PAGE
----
Monday, May 15, 2006

"We Cannot Live Without Sunday"?

Loved this story over the weekend from The Telegraph -- basically another iteration of "Footloose," this time in Ukraine: charismatic preacher attracts masses, Orthodox (capital-O, at least this time) flip out:

The Orthodox Church in Ukraine is not quite sure which part of Sunday Adelaja's weekly services it likes the least.

The dubious Russian pop and the pom-pom-waving Cossack dancers are certainly contenders. The hot babes in choir dress swaying to the music might win the vote of its many older and weaker-hearted clergymen....

In the 1,000 years that it has been in existence, the Ukrainian Orthodox Church has faced down many threats ranging from Reformation-era heretics to Soviet iconoclasts and modern day schismatics.

But never before has it had to see off an intruder who encourages his congregants to "shake their booty and praise the Lord". Mr Adelaja is a serious threat, even if it took the Church a while to realise it.

Twelve years ago, his Embassy of God church consisted of seven fellow Africans who used to gather in his Kiev flat.

Today he heads one of the fastest-growing Christian congregations in Europe, with 250,000 members in Ukraine alone. Among them is the first Protestant mayor of Kiev, elected to the post in March....

Alarmed at his burgeoning congregation, the Church has launched a counter attack, seeking to portray Mr Adelaja as a charlatan.

"Our main problem is that Sunday Adeleja has created a personality cult around himself," said Fr Evstratiy, a spokesman for the Kiev Patriarchate.

"Experts say he uses conscience manipulation techniques. He starts his sermons in a low, ingratiating voice, and gradually gets heated up to the point where he is running round the stage screaming." At a recent service at a Kiev ice hockey stadium 14,000 people crammed in to experience the effect.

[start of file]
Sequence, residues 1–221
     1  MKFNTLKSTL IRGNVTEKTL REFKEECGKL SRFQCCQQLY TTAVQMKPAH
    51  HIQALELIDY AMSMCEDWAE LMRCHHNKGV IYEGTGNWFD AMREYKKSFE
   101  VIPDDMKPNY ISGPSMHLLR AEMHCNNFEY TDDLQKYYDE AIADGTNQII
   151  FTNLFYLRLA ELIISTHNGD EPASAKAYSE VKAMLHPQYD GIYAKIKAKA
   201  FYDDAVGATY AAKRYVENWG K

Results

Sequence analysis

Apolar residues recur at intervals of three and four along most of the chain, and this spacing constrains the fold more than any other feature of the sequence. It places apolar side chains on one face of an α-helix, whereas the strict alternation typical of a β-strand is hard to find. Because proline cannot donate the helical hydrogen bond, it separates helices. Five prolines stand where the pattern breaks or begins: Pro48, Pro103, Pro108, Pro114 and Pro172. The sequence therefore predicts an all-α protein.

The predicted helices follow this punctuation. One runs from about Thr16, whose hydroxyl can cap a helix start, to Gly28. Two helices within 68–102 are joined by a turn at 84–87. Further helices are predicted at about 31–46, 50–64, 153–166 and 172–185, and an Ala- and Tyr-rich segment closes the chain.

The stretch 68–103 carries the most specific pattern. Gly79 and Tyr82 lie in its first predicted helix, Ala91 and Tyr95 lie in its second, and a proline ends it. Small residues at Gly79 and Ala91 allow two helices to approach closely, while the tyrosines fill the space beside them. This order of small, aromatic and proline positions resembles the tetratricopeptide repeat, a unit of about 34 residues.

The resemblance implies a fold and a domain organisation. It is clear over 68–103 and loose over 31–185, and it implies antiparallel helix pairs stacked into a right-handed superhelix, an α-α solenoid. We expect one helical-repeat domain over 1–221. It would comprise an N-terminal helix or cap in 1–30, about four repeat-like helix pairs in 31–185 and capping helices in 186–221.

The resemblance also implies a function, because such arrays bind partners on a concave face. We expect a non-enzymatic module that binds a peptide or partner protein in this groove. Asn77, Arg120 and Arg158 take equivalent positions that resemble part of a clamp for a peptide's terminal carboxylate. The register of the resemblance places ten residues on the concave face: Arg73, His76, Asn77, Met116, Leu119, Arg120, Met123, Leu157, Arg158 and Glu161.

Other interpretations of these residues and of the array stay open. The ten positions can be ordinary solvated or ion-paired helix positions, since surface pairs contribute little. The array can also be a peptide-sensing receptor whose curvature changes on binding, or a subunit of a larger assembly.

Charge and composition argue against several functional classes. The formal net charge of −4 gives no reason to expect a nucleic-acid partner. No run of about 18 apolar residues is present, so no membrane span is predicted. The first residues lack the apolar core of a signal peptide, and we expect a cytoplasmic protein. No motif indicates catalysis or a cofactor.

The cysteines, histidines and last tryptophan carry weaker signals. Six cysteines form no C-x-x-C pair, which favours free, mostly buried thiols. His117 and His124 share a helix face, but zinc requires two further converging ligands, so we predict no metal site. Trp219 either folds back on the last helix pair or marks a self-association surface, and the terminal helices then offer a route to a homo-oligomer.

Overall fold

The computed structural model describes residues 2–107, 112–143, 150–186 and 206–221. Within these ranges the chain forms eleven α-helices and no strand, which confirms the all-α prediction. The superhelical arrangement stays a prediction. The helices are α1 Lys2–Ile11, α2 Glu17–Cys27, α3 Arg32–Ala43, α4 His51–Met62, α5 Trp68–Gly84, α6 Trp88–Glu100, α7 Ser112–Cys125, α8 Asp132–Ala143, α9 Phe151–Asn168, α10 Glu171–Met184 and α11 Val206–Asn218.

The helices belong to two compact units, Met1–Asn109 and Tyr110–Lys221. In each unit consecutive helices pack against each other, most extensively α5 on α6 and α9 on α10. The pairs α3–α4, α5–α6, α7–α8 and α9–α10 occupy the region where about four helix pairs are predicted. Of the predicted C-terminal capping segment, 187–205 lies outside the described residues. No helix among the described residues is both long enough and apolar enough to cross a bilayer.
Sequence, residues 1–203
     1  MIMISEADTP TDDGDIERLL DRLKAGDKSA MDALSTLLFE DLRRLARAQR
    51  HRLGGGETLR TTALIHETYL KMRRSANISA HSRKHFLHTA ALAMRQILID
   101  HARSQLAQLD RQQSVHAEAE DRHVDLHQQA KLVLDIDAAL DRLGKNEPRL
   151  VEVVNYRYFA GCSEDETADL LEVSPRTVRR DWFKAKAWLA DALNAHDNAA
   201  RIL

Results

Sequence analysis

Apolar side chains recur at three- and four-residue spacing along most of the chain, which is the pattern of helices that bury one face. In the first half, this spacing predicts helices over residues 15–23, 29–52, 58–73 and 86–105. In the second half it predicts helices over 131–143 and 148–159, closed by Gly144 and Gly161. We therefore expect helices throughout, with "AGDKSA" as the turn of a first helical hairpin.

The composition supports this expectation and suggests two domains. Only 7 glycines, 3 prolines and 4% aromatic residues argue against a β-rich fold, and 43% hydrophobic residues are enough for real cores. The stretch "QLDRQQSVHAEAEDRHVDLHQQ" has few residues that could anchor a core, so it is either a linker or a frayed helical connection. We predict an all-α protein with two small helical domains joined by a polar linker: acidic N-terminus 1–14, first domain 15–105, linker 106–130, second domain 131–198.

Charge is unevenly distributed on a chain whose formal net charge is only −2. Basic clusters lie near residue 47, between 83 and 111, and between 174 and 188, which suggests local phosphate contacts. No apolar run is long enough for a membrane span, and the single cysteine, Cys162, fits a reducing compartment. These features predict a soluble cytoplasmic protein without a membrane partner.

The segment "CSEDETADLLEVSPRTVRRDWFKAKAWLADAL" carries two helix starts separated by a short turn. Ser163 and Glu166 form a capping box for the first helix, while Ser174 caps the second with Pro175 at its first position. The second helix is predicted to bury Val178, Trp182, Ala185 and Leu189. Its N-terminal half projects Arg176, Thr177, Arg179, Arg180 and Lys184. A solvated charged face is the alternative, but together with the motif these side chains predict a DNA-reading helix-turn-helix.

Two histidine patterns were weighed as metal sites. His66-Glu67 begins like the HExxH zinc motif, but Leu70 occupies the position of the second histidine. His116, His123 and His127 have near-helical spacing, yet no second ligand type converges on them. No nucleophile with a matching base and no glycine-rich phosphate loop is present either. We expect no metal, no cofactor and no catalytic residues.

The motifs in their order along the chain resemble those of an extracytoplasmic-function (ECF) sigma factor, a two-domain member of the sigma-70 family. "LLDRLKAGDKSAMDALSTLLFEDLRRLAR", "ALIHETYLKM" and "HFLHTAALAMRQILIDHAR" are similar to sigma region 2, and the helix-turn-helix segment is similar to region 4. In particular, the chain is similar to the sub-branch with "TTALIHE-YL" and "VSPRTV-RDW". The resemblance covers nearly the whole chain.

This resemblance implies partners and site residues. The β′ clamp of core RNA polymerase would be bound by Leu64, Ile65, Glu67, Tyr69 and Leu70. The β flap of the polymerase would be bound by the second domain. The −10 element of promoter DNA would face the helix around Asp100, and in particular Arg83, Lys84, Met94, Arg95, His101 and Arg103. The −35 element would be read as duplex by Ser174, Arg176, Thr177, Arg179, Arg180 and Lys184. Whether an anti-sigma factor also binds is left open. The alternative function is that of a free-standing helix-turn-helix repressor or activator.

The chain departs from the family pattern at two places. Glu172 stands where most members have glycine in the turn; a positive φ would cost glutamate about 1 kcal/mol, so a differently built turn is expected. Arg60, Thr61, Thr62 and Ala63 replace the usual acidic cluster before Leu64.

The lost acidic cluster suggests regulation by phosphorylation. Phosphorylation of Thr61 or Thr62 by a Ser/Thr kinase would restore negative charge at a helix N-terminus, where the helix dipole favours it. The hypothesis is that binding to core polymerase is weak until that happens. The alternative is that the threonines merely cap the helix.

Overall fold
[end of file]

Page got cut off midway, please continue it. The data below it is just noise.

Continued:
"The effect"? It's no mysterious "conscience manipulation" effect -- it's got a time-honored name: "preaching."

As "Pastor Sunday" prepared to make a grand entrance, the choirgirls shook their pompoms, the disco lights started to flash and a fanfare sounded. The lights cut out, and Mr Adelaja emerged from a shroud of dry ice. Children holding flags of the world wafted round him and the choir bellowed "Sanctus!"

The congregation responded enthusiastically. Many danced in the aisles. With his eyes closed and brows furrowed in concentration, he raised his arms aloft. A hush fell over the audience.

"A man who is having problems functioning in his manly area, God is healing you," he intoned. "Those who are having skin problems, God is healing you."

On and on he droned, curing everything from buttock problems to bankruptcy. Some in the congregation wept, others bellowed hallelujahs. Ushers discreetly passed around collection boxes.

How I'd just love to actually watch this. Talk about "appointment television."